Friday, January 25, 2008

Happy Burns Night

Today according to Australian Eastern Standard Time when this item was posted
All over the world, Scots will gather tonight for the annual Burns Supper. There they will honour the life and work of their national poet, Robert Burns, born on this day in 1759.

Usually they will enjoy a great feast (a haggis is often served) and there will be the singing of national songs, many of them from the pen of Burns himself. It may be that these revels have their origins in the ancient Norse Disting festival of the dísir, protective maternal deities or guardian goddesses ...

Recipe for haggis
Clean a sheep's pluck thoroughly. Make incisions in the heart and liver to allow the blood to flow out, and parboil them, letting the windpipe lie over the side of the pot to permit the phlegm and blood to disgorge from the lungs; change the water after a few minutes boiling for fresh water. Another half hour's boiling will be sufficient; but throw back the half of the liver to boil until it will grate easily. Take the heart, the half of the liver and the lungs, trimming away all skins and black-looking parts, and mince them together along with a pound of good beef suet. Grate the other half of the liver. Have eight onions peeled and scalded in two waters, which chop and mix with this mince. Toast some oatmeal before the fire till it is of a light brown colour and perfectly dry. Less than two teaspoonfuls of meal will do for this quantity of meat. Spread the mince on a board and strew the meal lightly over it, with a high seasoning of pepper, salt, a little cayenne and marjoram, well mixed. Have a sheep's stomach perfectly clean, and see that there is no thin part in it in case of its bursting. Put in the meat with a half-pint of good beef gravy, or as much strong broth and the juice of a lemon or a little good vinegar as will make a thick stew. Be careful not to fill the bag too full so as to allow the meat room to swell. Press out the air and sew up the bag; prick it with a large needle when it first swells in the pot, to prevent bursting; let it boil slowly for three hours if large.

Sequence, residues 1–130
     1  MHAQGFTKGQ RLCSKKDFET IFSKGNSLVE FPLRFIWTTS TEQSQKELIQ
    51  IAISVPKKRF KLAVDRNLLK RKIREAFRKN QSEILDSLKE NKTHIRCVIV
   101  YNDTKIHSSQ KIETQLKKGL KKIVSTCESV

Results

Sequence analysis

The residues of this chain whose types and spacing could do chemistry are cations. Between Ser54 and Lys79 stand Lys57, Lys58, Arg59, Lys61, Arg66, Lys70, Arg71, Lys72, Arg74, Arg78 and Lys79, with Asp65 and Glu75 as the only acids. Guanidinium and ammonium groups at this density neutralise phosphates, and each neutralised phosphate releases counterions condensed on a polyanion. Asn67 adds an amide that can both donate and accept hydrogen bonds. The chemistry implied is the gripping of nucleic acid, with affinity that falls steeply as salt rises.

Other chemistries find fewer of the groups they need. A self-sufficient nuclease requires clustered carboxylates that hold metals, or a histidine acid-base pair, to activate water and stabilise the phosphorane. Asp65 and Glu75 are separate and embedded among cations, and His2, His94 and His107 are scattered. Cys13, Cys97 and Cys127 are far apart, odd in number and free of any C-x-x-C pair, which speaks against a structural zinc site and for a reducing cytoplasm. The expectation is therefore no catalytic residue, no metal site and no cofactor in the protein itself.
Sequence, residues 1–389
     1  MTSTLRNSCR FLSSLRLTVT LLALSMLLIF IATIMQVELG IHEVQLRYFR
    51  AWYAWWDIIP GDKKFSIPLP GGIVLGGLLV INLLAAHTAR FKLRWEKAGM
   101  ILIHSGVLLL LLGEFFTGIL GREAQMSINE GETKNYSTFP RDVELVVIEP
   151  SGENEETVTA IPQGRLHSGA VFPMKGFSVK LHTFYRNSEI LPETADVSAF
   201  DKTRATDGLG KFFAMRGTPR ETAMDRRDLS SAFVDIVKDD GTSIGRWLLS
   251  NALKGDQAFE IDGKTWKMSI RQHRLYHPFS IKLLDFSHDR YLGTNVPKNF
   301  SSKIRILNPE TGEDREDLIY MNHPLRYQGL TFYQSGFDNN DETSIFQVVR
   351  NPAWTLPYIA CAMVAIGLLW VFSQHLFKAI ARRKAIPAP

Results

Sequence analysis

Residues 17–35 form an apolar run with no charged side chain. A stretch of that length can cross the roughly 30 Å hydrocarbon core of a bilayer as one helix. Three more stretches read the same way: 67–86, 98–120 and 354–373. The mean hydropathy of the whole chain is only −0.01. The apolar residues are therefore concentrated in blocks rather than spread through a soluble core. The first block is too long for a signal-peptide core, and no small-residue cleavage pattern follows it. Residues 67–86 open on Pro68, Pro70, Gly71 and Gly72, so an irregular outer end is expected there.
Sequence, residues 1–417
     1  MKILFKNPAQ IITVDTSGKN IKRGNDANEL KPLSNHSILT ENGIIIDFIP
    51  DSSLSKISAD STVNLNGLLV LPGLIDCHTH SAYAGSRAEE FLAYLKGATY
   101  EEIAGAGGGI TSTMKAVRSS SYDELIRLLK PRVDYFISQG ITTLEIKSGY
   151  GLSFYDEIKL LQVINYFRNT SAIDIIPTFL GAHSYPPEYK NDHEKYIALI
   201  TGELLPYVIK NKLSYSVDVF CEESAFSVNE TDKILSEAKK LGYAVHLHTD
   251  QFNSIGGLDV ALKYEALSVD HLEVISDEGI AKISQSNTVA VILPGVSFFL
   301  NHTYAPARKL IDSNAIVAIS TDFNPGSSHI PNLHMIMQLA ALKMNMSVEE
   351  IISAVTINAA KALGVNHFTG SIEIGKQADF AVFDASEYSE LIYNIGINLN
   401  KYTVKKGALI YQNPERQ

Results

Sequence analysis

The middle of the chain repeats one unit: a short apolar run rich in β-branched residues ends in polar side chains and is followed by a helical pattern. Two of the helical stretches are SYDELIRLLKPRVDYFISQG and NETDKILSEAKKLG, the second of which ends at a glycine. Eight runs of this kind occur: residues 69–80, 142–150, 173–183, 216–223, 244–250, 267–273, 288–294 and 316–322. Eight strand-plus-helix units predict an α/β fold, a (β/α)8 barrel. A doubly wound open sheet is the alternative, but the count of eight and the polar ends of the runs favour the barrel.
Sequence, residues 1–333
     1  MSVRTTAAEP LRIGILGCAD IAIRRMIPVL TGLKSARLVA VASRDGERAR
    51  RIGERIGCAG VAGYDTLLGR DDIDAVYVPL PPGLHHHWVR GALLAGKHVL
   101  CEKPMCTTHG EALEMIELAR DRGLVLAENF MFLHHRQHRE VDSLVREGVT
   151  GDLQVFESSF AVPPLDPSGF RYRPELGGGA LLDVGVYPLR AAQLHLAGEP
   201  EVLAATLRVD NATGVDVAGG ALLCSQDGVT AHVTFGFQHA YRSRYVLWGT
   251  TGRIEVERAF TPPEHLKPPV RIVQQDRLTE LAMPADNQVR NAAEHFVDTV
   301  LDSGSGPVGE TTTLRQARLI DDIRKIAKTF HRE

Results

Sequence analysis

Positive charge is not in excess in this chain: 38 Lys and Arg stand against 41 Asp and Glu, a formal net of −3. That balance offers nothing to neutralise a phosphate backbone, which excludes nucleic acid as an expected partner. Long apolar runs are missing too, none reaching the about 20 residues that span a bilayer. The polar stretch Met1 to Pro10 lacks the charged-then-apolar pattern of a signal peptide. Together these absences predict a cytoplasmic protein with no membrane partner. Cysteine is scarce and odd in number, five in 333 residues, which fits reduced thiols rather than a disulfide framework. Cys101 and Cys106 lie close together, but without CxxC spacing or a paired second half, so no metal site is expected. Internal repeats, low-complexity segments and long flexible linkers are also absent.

Robert H Christie (1911)

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